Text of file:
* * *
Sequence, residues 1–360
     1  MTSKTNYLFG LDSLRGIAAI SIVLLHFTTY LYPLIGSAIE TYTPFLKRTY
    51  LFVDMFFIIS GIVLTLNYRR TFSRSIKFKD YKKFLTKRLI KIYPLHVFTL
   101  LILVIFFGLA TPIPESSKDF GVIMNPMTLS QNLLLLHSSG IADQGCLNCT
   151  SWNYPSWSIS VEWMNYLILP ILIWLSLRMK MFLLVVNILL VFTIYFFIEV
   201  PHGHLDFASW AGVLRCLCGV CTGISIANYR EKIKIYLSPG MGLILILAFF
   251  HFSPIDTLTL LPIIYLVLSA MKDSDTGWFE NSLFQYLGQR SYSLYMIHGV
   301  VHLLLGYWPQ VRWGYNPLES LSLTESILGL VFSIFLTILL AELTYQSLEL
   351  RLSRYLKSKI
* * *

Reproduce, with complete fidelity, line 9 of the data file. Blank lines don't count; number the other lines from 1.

   351  RLSRYLKSKI